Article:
GH-METHODS

Math-Physical Medicine

NO. 068

Using GH-Method: math-physical medicine to Conduct Segmentation Analysis to Investigate the Impact of both Weight and Weather Temperatures on Fasting Plasma Glucose (FPG)

Corresponding Author: Gerald C. Hsu, eclaireMD Foundation, USA.

Introduction
This paper is based on a big data collected from a period of 1,420 days (from 6/1/2015 to 4/21/2019) with a total of 4,260 data, including morning weight in pounds (lbs.), highest ambient temperature (weather) of each day in degree Fahrenheit (°F) and fasting plasma glucose or FPG (mg/dL).  The dataset is provided by the author, who uses his own type 2 diabetes metabolic conditions control, as a case study via the “math-physical medicine” approach of a non-traditional methodology in medical research.

Math-physical medicine (MPM) starts with the observation of the human body’s physical phenomena (not biological or chemical characteristics), collecting elements of the disease related data (preferring big data), utilizing applicable engineering modeling techniques, developing appropriate mathematical equations (not just statistical analysis), and finally predicting the direction of the development and control mechanism of the disease.

Method
In this analysis, the author defines his ideal weight at 170 lbs. (BMI 25) and the following three weather temperature ranges:

  1. Chilly: <67°F
  2. Comfortable: 67-77°F
  3. Warm: >77°F

The author used the GH-Method: math-physical medicine (MPM) approach to discover the impact on FPG by both weight and weather temperature in 2016.  His published papers have indicated that weight contributes ~85% of FPG formation and temperature contributes ~10%.  Currently, he conducted a detailed segmentation analysis to further validate his earlier findings.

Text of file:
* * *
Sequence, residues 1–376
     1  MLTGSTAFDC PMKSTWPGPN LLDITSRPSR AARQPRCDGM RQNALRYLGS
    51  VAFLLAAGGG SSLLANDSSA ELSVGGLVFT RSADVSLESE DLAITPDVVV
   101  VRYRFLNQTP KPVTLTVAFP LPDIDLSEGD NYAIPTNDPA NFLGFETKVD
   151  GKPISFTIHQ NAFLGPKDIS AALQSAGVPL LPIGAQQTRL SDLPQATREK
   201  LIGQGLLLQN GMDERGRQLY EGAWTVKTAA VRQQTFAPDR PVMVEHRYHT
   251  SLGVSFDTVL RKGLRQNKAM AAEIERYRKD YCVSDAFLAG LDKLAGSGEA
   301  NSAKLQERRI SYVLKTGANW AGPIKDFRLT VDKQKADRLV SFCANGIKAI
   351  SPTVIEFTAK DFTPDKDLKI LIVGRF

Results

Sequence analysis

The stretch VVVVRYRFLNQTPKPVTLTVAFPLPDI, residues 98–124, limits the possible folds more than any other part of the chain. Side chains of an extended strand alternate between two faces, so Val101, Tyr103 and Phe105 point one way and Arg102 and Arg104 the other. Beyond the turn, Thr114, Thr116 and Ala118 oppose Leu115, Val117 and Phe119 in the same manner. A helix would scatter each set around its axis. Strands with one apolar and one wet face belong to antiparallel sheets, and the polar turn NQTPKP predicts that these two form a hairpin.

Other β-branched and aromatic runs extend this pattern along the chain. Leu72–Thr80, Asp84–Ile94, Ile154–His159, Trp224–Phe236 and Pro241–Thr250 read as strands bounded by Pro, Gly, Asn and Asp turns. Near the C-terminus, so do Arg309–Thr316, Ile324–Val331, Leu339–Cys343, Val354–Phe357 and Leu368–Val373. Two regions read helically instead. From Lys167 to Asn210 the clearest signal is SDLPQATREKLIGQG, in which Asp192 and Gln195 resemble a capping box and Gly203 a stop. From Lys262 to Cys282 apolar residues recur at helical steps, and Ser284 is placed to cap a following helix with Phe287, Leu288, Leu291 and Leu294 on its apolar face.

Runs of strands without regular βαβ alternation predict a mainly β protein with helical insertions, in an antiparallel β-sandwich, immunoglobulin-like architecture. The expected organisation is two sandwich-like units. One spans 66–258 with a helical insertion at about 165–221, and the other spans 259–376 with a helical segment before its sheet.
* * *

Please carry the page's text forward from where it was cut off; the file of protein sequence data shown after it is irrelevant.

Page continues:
Results
Based on the chilly temperature range (average: 59°F) and normal  weight condition (average: 169.8 lbs.), he achieved an average FPG at 99 mg/dL.

The similarity of data patterns and FPG impact distinction between primary factor (weight) and secondary factor (temperature) can also be visually observed from three graphs in Figure 2.

Figure 1: Complete datasets of FPG, Weight, & Weather Temperature
Figure 2: Data for Chilly weather temperature (<67-degree °F), normal weight (<171 lbs.), and lower FPG (<107 mg/dL)

Conclusion
By using the GH-Method: math-physical medicine on this big data, the author proved again that the correlation of weight/temperature and FPG by this segmentation analysis.  The important role of weight on FPG has been demonstrated repeated via different clinical cases.  However, due to unknown biological reactions of human body and unavailability of applicable data from individuals who reside in either tropical or freezing zones, the author cannot draw the same conclusions of temperature impact on FPG formation.

References

  1. Hsu, Gerald C. (2018). Using Math-Physical Medicine to Control T2D via Metabolism Monitoring and Glucose Predictions. Journal of Endocrinology and Diabetes, 1(1), 1-6.
  2. Hsu, Gerald C. (2018). Using Signal Processing Techniques to Predict PPG for T2D. International Journal of Diabetes & Metabolic Disorders, 3(2),1-3.
  3. Hsu, Gerald C. (2018). Using Math-Physical Medicine and Artificial Intelligence Technology to Manage Lifestyle and Control Metabolic Conditions of T2D. International Journal of Diabetes & Its Complications, 2(3),1-7.
  4. Hsu, Gerald C. (2018). Using Math-Physical Medicine to Study the Risk Probability of having a Heart Attack or Stroke Based on Three Approaches, Medical Conditions, Lifestyle Management Details, and Metabolic Index. EC Cardiology, 5(12), 1-9.